What Color Is The Sky On Mars?

NASA's Mars Rover, Spirit--has been on Mars for over six years and still going strong!
NASA's Mars Rover, Spirit--has been on Mars for over six years and still going strong! | Source

Earthlings are so accustomed to the way things appear on our planet that I doubt they think much about how these same objects would look on other planets.  Our colors come from the way the sunlight reflects in our atmosphere.  If we lived on a different planet which has an entirely different atmospheric make-up what would their planetary features look like?  This is an artist’s rendering of the Mars Spirit Rover, which is an unmanned exploratory vehicle we have currently on Mars.  Notice the color of the sky. 

The same would hold true for plant-life, animals and whatever else we eventually find on other planets.  Since the sun would be filtered through their atmosphere and it would be either closer to the planet or further away, it’s possible that nothing would be the same color as we are accustomed to seeing it—and it’s also possible that colors might be visible there that we have never seen before.  Another factor to take into consideration is that the sun in another galaxy might be made up of different components than our sun, and that would have an affect, as well.

 In some of the Star-Trek episodes that depict the terrain of other planets, the writers and set designers don’t seem to take these things into consideration, and they create their scenes of another planet as they would look on Earth.  Most of these scenarios are of dessert or bare mountain-like terrain with little to no plant life.  (The picture of the Mars Spirit Rover above is another example of this.)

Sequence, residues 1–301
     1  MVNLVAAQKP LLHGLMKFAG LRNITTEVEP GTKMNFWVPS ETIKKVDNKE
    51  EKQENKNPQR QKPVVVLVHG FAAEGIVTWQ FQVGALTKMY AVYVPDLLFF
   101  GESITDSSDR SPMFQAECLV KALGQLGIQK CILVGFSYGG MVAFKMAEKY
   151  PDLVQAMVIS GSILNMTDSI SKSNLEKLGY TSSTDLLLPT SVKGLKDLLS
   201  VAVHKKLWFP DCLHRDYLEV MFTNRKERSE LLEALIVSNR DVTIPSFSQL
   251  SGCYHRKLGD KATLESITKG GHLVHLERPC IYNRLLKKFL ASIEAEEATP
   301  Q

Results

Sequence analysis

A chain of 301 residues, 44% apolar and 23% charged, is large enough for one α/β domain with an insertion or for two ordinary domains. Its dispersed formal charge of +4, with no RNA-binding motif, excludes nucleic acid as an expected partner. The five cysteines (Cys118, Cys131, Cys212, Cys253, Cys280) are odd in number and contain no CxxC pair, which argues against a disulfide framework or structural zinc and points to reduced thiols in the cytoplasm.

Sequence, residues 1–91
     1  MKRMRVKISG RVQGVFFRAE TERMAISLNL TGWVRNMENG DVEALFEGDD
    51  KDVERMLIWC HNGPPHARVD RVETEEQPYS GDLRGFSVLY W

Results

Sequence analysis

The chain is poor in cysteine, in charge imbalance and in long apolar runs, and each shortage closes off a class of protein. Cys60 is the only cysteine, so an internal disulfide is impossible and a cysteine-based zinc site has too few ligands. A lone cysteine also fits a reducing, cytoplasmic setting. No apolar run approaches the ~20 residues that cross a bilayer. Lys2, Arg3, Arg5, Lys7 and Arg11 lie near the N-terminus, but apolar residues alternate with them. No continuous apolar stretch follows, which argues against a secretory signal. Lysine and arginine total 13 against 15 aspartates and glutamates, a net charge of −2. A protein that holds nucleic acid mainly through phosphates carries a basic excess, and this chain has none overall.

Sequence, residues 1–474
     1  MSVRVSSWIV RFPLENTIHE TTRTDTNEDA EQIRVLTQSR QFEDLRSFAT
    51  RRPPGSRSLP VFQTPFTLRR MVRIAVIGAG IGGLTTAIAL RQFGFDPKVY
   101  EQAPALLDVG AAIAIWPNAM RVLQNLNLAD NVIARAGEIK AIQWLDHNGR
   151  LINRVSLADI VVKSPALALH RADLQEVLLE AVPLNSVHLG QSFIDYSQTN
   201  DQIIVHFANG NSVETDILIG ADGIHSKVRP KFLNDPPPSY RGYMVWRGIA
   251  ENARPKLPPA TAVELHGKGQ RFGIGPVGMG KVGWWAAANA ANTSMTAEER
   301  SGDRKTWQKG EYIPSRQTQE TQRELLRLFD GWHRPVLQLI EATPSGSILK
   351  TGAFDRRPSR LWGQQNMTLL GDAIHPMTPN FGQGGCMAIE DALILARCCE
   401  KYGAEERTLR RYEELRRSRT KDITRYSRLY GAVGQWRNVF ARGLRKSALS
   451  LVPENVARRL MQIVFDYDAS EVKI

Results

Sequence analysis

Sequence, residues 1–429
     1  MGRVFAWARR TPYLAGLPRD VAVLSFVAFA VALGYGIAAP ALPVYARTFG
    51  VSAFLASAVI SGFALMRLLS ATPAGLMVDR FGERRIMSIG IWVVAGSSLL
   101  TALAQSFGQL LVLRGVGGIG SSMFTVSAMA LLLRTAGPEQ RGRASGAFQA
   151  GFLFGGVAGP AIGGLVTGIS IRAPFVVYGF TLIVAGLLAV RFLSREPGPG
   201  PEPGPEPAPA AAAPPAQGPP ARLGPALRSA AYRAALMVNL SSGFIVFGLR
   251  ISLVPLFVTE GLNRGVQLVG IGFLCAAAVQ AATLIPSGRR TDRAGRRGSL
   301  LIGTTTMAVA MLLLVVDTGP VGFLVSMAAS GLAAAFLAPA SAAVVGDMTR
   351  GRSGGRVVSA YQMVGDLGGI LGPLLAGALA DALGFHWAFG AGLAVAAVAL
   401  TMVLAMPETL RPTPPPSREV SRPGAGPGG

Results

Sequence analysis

Here’s another thought… Since the human, plant and animal life on our planet are carbon based life forms that breathe air, the same people, plant and animal life on a planet that would breathe some other element might look vastly different than our same life forms do. We have seen this in some Sci-Fi episodes and with humans reporting personal encounters with “The Grays”.  If all of these planetary features look different, than it would be safe to assume they might act differently, as well. 

 The time to start thinking about these things is now.  Every day we come a bit closer to contact with life forms on other planets.  The more we ponder our differences, the less surprised and shocked we will be when the eventual contact with other alien life forms occurs on a world-wide basis. 

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